If there’s no choice about something, don’t confuse things by letting them think they can decide. Instead of saying, ‘Do you want to have your bath now?’, say, ‘Now it’s bath time.’ But if you can offer them a choice about how they do something they have to do, this is a great way to help them feel more responsible and trusted, and to understand the impact of their own decisions. So for example you could offer them a choice of toys to play with in the bath, or two different books to read at bedtime. 

Help them identify their feelings

When your toddler misbehaves, it’s often because they don’t know any other way to deal with their feelings. You can help by letting them know that they’re allowed to show their emotions, and by giving them a name for their feelings so that they can express them. For example say, ‘It looks to me as if you’re upset/happy/sad/cross/frustrated.’ Don’t worry if you haven’t identified it correctly, they’ll soon put you right if need be.

Doing little activities like colouring in emotions can also help them to tell you how they're feeling. For example, you could do some colouring in together, with ‘red’ for angry, ‘yellow’ for happy, ‘blue’ for sad, ‘green’ for jealousy, etc. Then when they're getting upset or having a bad day you can ask ‘are you feeling red right now?’

Its not them, its what they do

Constant criticism creates bad feeling and it can lead to even more difficult behaviour, not less. If your child breaks the rules, emphasise that it’s their behaviour you’re unhappy about, not them. For example, say, ‘It’s upsetting when you hit your brother,’ rather than, ‘You’re naughty’ or ‘You’re spoilt.’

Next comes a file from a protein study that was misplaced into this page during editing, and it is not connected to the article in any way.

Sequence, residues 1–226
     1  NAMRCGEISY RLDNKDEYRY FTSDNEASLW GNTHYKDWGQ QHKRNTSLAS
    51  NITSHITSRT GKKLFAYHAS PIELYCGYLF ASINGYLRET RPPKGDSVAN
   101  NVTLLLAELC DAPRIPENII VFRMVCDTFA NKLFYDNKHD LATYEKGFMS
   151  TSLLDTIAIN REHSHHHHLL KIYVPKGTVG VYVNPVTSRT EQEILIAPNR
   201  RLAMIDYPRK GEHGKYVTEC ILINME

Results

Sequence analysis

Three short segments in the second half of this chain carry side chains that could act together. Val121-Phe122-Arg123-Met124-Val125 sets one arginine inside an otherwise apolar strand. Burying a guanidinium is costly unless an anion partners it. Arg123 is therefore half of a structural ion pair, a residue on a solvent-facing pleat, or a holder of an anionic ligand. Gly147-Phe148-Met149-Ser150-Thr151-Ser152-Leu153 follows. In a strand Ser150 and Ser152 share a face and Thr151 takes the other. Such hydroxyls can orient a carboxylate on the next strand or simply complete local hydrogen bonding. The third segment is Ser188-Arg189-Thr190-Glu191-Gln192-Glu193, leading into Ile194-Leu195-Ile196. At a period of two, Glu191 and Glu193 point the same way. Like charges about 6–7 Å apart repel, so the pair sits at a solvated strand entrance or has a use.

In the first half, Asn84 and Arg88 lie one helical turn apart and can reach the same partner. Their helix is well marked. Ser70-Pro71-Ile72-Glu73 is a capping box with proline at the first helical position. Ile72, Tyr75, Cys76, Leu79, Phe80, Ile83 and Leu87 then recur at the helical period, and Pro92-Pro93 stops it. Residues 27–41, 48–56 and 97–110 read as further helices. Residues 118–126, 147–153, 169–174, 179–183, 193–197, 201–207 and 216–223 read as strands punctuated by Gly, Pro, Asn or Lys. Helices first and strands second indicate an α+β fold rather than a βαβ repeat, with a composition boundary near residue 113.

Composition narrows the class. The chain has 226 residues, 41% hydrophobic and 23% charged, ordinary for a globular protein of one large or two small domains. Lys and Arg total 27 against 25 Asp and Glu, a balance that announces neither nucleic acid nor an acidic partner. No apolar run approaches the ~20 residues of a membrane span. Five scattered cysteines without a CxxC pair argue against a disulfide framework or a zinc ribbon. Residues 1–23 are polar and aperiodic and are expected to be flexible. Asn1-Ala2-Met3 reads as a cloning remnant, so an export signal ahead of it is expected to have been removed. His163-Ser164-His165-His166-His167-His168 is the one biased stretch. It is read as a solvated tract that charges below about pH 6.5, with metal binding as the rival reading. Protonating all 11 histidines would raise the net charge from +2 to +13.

Praise them

It can feel like you’re in a never ending loop of telling them off, but whenever you can, praise the good behaviour, even the very little things. Praise and attention are much more encouraging to your little one than criticism or punishment, so it’s great to show that you’re pleased when your child behaves well. Reward good behaviour whenever you see it by giving them praise and cuddles and kisses. The more you can point out and praise the good behaviour, the more your little one will want to do these things again.

Set aside time for chats

If you’re finding your toddler’s acting up more than usual, try to set aside short times during the day when you can chat together with no distractions. Get face to face if you can or down to their level. See what your child is interested in and talk about that and give them time to respond. Then copy what they say and add to it, and so on. This is called ‘serve and return’ interaction and is a powerful way to build language and help your child cope with their emotions. Children treasure these times, and it helps them feel in touch even during the times you’re not with them.

Stay connected

Making sure your toddler feels connected to you, cared for and safe is important to help their behaviour. It gives them the foundation they need to manage stress as they grow up. Showing interest in what they’re doing can help. So can physical contact. A hug can make them feel safe and loved and help calm their mood.

Being a parent is the best job in the world, but it can also be one of the most stressful. There will be days when it all feels a little too much.

Click here for parent support

Sign up to our newsletter